September 22, 2023

IUB grants Dakota Access permit, 'minimum' eminent domain rights

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DES MOINES — The Iowa Utilities Board approved a construction permit for the Dakota Access crude oil pipeline with a unanimous 3-0 vote on Thursday, one of the $3.7 billion, 1,168-mile project’s last major regulatory hurdles in the state.

The three-member, governor appointed panel only returned to open session for seven minutes Thursday to deliver its ruling and explain the order. This followed five days of open deliberations in February and at least one day of closed-door discussion Wednesday at the board’s hearing room near the state capitol in Des Moines.

The board has granted Dakota Access, LLC’s pipeline construction permit allowing it to travel through 18 Iowa counties and will require landowners to enter into eminent domain negotiations with the private Texas-based company. This is a defeat for environmentalists and landowners who fought voluntary easements and were against the use of eminent domain for the pipeline’s construction.

Dakota Access — subsidiary of Energy Transfer Partners — has been pushing the project for the last 1.5 years. The pipeline will stretch from the Bakken Oil Fields of North Dakota to a hub in Patoka, Ill. and carry up to 570,000 barrels of crude oil per day through Iowa. ETP plans to lay 343.43 miles of underground pipe in Iowa, with 33.73 miles in rural areas of Jasper County from Mingo through rural Reasnor.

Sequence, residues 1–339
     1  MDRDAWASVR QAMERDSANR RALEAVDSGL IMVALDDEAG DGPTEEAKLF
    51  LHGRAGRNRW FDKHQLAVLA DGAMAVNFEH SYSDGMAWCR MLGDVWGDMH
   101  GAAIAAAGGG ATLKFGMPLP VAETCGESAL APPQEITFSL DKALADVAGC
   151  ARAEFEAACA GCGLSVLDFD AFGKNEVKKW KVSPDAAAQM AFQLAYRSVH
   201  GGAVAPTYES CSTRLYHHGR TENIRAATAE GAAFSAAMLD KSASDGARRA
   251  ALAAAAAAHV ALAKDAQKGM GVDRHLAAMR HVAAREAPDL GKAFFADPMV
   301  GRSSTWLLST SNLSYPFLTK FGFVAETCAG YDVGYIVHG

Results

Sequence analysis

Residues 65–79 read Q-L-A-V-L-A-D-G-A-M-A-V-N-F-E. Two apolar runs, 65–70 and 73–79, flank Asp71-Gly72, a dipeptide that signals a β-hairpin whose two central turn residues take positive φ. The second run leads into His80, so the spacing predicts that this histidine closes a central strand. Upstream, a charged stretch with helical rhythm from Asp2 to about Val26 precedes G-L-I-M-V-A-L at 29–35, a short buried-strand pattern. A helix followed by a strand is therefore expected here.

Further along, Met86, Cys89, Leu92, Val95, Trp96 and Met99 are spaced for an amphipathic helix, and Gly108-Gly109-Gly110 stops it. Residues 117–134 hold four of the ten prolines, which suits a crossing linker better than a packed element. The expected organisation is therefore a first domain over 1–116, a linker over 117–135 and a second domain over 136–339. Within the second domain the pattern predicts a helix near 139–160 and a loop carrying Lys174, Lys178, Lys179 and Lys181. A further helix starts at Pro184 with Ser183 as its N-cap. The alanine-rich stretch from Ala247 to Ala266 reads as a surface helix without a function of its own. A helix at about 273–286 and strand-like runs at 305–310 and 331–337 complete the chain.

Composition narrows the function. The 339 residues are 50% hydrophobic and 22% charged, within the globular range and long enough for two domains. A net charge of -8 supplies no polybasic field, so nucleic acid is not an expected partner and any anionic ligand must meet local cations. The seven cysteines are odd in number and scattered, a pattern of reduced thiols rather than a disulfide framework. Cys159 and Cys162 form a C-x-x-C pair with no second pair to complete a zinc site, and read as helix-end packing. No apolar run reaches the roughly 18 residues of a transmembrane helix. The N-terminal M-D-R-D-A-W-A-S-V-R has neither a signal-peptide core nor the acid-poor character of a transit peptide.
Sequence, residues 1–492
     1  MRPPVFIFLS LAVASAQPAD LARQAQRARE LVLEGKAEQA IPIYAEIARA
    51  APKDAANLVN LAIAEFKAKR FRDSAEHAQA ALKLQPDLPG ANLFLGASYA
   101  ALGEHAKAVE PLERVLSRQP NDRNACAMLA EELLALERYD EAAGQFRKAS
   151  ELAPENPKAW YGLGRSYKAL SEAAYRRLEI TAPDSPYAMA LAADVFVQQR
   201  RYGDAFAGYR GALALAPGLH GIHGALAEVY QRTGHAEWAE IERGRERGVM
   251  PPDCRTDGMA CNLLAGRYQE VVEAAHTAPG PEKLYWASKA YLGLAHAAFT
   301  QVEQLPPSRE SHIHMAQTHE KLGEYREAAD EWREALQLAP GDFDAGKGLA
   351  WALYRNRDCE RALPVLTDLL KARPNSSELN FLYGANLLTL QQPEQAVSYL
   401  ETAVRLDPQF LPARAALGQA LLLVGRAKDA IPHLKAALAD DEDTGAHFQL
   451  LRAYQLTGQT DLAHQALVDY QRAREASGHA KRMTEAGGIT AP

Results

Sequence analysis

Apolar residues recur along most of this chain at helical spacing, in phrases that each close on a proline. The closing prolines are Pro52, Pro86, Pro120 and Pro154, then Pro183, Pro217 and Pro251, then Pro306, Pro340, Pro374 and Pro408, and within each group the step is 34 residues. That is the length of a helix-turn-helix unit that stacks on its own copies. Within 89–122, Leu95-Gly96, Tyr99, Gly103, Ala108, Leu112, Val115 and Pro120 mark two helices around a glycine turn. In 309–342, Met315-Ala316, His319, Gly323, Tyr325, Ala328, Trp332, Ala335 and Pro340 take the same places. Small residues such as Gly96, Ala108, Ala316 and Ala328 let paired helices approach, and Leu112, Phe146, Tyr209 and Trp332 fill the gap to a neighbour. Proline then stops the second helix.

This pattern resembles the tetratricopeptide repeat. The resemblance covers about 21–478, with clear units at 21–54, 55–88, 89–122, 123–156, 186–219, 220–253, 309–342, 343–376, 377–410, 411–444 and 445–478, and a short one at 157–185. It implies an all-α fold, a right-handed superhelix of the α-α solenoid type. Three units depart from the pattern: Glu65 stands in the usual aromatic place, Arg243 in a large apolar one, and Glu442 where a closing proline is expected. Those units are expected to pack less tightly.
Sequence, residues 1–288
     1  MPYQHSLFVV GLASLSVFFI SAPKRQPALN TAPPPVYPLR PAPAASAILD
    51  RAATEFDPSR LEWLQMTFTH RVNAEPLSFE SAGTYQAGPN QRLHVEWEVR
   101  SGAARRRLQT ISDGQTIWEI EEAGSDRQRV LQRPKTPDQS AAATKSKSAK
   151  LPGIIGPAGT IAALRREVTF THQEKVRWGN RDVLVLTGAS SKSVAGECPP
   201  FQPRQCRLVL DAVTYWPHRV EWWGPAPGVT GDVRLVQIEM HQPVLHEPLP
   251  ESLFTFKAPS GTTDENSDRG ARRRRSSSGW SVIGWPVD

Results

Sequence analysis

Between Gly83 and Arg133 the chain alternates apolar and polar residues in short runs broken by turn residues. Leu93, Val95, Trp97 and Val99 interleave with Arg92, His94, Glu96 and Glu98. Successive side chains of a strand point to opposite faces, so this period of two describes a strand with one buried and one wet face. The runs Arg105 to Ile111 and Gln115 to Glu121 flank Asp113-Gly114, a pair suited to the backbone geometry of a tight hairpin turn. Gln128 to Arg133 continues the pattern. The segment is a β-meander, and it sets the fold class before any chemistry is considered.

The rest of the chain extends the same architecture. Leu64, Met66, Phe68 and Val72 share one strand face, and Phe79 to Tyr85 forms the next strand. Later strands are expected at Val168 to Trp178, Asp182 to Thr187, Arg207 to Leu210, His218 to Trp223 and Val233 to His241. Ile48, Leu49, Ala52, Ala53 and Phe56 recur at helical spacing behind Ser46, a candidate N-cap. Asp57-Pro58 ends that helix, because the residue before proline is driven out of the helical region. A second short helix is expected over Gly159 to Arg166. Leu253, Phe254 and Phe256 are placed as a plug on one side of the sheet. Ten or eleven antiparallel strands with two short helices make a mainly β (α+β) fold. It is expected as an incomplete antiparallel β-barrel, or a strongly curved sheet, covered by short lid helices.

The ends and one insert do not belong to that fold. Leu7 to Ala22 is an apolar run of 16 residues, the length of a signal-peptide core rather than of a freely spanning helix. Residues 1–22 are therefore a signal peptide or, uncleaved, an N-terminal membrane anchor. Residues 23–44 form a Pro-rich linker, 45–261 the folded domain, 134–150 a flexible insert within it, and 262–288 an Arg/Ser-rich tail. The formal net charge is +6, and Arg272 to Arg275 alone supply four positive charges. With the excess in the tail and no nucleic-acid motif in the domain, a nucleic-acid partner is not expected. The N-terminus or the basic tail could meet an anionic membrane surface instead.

IUB Chairperson Geri Huser and members Libby Jacobs and Nick Wagner ruled that the pipeline meets requirements of public convenience and necessity outlined in Iowa Code 479B.9. In a press release distributed Thursday by IUB spokesperson Don Tormey, the board said it felt benefits of the project outweigh public and private costs.

“For the benefit of those in the audience, as we all — individually and collectively — spent thoughtful deliberation time on this matter, I think the order that is before us indicates how we approached the issues,” Jacobs said.

The board member said the issues of safety, economic benefit, environmental factors and landowners’ rights “merited the most significant weight” in their decision. Ultimately, the board deemed transporting the Bakken crude oil via pipeline is safer than its current primary mode of shipping — rail car. Members also argued the 2,000 to 4,000 estimated jobs and other economic benefits associated with the pipeline’s construction and operation would generate at least $787 million for Iowa in the short term, and the project is estimated to generate $27.4 million in new property tax revenue for local governments while the pipeline is in use.

The permit is conditional until Dakota Access meets all stipulations outlined in the IUB’s ruling. The board detailed expanded conditions in its order beyond base requirements dictated in Iowa Code. The board said Dakota Access must:

• Obtain and maintain general liability insurance policy of $25 million. Iowa Code only mandates $250,000 in liability coverage.